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The Plan

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“You feeling sober yet?”

Danny was standing on the two square feet that constituted Casey’s balcony, leaning on the railing that separated him from hundreds of feet of air.


Danny lifted his head off his arms.


“You feeling sober?”


“I have water.”




Casey hesitated. “It’s just that you don’t sound great.”

Danny pushed himself up off the rail.

“I knew they were in counselling, but I never thought it would take.”


 I’m a smart guy, Casey, but I never saw her going back to Steve Sisco.”


“Why don’t I see these things coming?” Danny turned around. “You knew.”

Casey waved his arm, awkwardly, brushing the suggestion away.

“How did you know?”

“Dan, don’t.”

“I’m serious, Casey. How did you know?”

Casey cleared his throat. “Sometimes people make bad choices. Choose things that are wrong for them.”

Dan made a face like he’d tasted something sour. “It wasn’t like she chose a guy who wanted to live in Paris, instead of near her Mom in Baton Rouge.”

“I know, Danny.”

“He took her to places she didn’t want to be, Casey.”

“I know.”

“And I’m not talking about FAO Schwartz on the day before Christmas.”

“I know.”

“I’m talking about sex clubs.”

“I know, Danny. You told me right after Kim told you.”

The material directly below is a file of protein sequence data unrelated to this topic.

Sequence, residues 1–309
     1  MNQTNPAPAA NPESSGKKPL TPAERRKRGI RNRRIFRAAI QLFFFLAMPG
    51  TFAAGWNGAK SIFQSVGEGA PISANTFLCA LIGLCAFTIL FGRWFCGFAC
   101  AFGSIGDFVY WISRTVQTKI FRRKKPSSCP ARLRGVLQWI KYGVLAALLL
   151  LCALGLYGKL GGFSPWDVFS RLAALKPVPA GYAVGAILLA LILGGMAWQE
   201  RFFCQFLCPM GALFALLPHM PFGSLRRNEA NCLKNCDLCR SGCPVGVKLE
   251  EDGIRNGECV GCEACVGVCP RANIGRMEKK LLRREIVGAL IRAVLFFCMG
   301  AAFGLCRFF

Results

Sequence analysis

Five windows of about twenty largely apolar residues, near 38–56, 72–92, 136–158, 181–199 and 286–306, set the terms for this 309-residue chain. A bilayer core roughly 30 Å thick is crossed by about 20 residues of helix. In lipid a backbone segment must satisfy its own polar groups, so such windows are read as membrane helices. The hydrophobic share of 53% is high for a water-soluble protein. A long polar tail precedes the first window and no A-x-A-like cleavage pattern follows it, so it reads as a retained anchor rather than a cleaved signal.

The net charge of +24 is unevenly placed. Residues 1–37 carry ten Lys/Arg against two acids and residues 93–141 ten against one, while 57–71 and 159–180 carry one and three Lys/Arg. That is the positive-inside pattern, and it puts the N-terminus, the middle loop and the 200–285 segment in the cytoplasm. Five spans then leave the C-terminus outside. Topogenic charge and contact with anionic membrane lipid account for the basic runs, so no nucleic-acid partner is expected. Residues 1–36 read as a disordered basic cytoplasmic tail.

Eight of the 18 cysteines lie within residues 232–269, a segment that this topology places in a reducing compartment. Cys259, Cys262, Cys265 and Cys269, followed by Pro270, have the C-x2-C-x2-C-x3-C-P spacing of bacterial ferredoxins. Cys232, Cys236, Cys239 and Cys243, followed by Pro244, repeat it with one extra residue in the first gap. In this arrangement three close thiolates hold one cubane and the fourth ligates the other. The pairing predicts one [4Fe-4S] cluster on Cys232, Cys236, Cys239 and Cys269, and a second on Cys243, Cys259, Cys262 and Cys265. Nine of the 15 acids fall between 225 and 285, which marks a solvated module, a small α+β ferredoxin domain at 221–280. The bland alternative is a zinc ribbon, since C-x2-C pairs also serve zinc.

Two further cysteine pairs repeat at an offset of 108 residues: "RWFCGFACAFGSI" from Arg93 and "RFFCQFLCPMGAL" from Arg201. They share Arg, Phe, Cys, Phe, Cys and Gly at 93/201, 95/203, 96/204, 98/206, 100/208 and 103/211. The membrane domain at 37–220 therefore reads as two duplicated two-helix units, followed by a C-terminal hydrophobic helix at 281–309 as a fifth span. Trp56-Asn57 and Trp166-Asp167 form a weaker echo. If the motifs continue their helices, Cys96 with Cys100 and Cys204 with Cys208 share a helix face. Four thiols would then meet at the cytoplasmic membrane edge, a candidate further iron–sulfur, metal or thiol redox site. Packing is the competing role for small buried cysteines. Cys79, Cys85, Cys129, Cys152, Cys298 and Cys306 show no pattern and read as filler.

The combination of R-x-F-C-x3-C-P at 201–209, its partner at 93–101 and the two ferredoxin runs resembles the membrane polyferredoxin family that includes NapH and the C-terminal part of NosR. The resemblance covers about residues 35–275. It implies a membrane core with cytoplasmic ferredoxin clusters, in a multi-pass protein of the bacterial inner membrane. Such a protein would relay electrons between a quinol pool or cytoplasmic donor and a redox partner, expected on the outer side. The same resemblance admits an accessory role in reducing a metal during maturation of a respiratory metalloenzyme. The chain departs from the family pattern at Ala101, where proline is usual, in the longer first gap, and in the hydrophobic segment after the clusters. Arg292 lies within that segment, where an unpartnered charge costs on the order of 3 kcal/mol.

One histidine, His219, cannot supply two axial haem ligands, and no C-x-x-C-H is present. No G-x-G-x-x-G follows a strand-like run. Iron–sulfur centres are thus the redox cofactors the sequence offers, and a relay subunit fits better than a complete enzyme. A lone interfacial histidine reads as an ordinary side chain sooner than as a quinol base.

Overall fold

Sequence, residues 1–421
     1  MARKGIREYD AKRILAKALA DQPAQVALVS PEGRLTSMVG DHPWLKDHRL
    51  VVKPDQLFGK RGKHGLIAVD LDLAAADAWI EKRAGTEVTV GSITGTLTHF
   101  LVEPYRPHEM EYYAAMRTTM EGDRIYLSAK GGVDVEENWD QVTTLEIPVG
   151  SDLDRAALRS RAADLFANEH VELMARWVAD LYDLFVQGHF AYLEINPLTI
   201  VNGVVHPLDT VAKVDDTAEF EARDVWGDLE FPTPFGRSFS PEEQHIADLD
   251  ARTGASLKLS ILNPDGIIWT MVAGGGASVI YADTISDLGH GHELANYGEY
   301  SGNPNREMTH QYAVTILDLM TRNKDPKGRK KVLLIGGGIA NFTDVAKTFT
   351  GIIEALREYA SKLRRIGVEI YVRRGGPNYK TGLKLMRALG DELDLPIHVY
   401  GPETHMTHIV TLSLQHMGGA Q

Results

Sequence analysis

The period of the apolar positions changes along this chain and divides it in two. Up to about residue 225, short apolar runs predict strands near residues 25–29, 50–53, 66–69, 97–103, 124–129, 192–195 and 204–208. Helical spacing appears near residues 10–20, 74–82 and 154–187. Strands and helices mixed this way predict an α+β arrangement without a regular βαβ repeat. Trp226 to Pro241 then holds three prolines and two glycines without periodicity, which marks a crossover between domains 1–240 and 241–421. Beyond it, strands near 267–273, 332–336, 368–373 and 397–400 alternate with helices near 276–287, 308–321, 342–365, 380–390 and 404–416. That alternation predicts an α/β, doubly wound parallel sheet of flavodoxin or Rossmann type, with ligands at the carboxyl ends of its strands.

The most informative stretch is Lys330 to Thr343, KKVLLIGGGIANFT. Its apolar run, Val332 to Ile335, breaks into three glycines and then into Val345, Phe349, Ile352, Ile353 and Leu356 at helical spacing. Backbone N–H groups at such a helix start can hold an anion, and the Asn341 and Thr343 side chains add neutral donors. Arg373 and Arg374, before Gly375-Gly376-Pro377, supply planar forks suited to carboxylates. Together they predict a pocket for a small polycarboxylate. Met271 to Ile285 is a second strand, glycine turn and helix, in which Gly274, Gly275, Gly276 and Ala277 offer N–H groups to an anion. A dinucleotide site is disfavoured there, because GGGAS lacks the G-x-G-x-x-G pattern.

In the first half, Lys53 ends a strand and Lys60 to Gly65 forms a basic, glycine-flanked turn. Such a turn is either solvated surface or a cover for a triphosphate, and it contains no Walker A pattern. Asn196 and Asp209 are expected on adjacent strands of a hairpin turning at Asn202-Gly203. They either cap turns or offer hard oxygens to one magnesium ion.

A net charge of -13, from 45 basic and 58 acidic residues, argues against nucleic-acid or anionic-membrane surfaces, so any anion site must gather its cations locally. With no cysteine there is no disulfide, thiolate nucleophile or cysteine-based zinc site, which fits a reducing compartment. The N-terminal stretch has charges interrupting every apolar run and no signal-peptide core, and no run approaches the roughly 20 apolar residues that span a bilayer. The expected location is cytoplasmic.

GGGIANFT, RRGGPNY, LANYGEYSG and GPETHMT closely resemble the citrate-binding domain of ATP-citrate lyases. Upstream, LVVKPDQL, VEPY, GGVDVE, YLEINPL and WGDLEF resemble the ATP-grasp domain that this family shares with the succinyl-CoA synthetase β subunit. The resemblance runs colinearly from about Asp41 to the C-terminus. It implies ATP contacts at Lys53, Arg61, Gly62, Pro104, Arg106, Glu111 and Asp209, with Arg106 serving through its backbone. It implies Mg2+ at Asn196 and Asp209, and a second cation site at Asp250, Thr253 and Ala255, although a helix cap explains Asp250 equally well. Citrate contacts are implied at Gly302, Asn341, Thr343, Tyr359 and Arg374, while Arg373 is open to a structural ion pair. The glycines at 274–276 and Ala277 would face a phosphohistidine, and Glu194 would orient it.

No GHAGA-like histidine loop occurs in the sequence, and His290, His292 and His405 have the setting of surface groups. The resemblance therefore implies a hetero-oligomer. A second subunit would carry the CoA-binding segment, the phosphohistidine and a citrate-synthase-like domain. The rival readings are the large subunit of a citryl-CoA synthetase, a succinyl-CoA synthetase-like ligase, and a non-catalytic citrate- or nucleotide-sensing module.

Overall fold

Dan leaned against the railing again, his back to the city. “I think he might have hit her.”

Casey took a sharp breath. “Danny—“

Dan’s back stiffened. “You want to know the really messed up part?”


“I’m not so much afraid that he’ll hurt her again, although God knows that’s a distinct possibility.” Dan’s eyes met Casey’s, and there was so much pain in them that something in Casey’s chest rattled. “I’m mostly wondering why I’m the guy who comes second to a guy who hits his wife and forces her to go to places she doesn’t want to be.”


“Am I so bad?”

It was the drink talking, it had to be. Because, in a month of Sundays, Danny would never have wanted Casey to hear that pleading tone in his voice.

“No, dude. You’re a catch. A prize.”

Dan took that in.

“So why is it that I’m 28 years old and I’ve never had even the ghost of a relationship?”

“A lot of guys our age haven’t met the right woman.”

“Is that what you think this is?” Dan sounded defeated.

Casey swallowed. So this is it. The night we do this. And it had been coming for so long that Casey almost forgot the plan. The plan for bringing this up in a way that wouldn’t make Dan spook like a half-broken pony.  

“Can I ask you something Danny? Without you taking a swing at me?”

“What?” Dan looked up.

“What kind of porn do you like?” Casey’s expression was serious.

“What kind of—.” Dan’s face started to flush slightly, just under his cheekbones. “What kind of question is that?”

“It’s a personal question. Some might even call it rude.” Casey’s voice was firm. “Will you just trust me, okay? I’m your best friend, and I’m asking you a question.”